Jesus didn’t come to encourage you

I know this almost sounds like I’m speaking a foreign language to American Christians who can’t believe we would ever be called to suffering.  I know it sounds like heresy to a church that has almost totally given itself over to a gospel of self-help and self-actualization.

Put down the pitchforks and torches.

Jesus came to do so much more than give us some nice words to live by, a pat on the head, or encouragement to make us feel good.  Jesus came to reconcile us to God.  Jesus came to make a way for sinful men to stand before a holy Father.  Jesus came to fulfill the righteous demands of the law and excuse our death penalty as a free gift from God.

So why are we always looking for more?

It’s like the amazing gift of redemption and eternal life isn’t good enough for me.  I have to be happy now.  I have want answers for my problems now.  I forget that Jesus told me to deny myself and die to myself if I want to follow Him.  I’m convinced that Jesus led a lifetime of loneliness, suffering, and pain.  Not just at His death, but His whole life. What makes me think I should be any different if I’m going to follow in His steps?

Actually, I think we are being sold short.  Look at believers in other countries, the ones for whom faith is a daily risk – of family, of career, of life.  Yet observe the passion and intensity of their faith.  Yet, here in America, our obsession with comfort and encouragement has left us always wanting more.  We are more stressed, more depressed, and less fulfilled in our faith than believers who have none of the physical comforts of this world.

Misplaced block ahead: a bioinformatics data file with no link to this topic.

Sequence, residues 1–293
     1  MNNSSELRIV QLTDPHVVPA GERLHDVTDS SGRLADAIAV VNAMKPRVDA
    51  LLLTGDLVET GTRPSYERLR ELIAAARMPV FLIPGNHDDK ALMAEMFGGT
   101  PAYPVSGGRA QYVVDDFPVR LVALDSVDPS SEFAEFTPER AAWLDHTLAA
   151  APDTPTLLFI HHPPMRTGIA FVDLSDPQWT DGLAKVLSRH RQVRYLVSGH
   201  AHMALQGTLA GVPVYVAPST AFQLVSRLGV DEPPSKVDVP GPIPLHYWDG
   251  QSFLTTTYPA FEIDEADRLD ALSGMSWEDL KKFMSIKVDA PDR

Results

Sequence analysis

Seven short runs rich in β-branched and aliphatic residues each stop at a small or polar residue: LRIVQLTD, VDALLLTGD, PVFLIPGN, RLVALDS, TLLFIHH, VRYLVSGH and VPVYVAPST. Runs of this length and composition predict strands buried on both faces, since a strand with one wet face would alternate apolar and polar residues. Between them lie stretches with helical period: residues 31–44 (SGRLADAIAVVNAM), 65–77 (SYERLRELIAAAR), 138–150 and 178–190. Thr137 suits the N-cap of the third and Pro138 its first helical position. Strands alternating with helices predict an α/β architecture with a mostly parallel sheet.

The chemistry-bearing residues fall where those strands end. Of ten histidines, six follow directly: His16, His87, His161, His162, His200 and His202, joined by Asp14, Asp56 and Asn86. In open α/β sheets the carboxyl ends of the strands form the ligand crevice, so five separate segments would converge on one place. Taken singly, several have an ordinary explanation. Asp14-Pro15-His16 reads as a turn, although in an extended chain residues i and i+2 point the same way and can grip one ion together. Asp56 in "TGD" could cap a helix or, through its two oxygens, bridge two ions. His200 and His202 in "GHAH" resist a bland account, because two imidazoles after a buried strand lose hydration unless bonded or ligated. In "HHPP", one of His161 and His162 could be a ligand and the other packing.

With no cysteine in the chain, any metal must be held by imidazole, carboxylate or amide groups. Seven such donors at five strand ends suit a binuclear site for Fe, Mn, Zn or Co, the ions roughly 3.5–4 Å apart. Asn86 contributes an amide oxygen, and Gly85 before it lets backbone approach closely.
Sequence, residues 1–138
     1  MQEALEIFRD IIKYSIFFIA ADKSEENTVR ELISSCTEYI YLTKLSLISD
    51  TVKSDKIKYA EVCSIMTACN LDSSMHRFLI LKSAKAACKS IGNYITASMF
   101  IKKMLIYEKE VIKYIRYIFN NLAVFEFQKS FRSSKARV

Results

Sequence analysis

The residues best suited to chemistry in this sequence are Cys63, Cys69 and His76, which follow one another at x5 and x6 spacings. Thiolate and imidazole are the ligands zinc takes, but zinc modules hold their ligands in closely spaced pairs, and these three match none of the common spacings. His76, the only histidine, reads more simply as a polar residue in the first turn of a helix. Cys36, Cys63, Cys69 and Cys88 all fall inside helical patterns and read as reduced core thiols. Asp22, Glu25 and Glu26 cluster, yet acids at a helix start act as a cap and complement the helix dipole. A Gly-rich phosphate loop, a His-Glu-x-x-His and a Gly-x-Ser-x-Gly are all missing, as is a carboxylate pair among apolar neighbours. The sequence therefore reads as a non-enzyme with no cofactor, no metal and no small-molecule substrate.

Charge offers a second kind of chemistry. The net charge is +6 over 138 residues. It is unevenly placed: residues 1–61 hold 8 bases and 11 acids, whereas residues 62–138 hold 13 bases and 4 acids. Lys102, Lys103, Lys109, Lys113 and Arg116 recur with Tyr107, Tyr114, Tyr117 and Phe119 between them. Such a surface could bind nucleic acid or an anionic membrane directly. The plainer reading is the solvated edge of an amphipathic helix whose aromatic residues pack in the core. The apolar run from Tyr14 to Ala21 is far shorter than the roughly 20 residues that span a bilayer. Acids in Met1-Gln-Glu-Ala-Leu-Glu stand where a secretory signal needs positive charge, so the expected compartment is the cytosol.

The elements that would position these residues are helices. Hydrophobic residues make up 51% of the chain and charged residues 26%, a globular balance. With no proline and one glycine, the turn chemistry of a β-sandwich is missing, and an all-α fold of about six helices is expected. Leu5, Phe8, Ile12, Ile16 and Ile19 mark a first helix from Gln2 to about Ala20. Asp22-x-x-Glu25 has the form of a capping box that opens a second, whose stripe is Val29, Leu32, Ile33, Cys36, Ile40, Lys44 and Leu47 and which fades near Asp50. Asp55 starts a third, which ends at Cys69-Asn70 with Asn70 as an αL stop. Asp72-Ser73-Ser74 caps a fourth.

I’m truly believe that Christianity is meant to be practiced in an environment of suffering.  We can never know the full measure of the Spirit and grace of God until we have no other options.  For to you it has been granted on behalf of Christ, not only to believe in Him, but also to suffer for His sake.

So if Jesus said, “Blessed are the poor,” then why am I always trying to be rich?  If Jesus said, “Blessed are those who are persecuted,” then why am I always trying to avoid it?

Walking in the footsteps of a suffering Savior isn’t easy.

But there is an abundance of grace most of us have never known, and it’s waiting for those who are willing to get beyond their need for encouragement and happiness to truly walk with Jesus down that lonely road of suffering for Him and the lost world that surrounds us.

Maybe that’s why Jesus told us there wouldn’t be many on that road with us.

  1. #1 by Erica on February 3, 2011 - 1:49 PM

    Jesus suffered tremedously. The apostles suffered. The early church suffered. What makes many of us think that we have a God-given right to live without suffering? Yet we often live like we are above those who have gone before us – and above Jesus. Jesus learned obedience by the things that he suffered. Should we not embrace suffering, as Jesus did?

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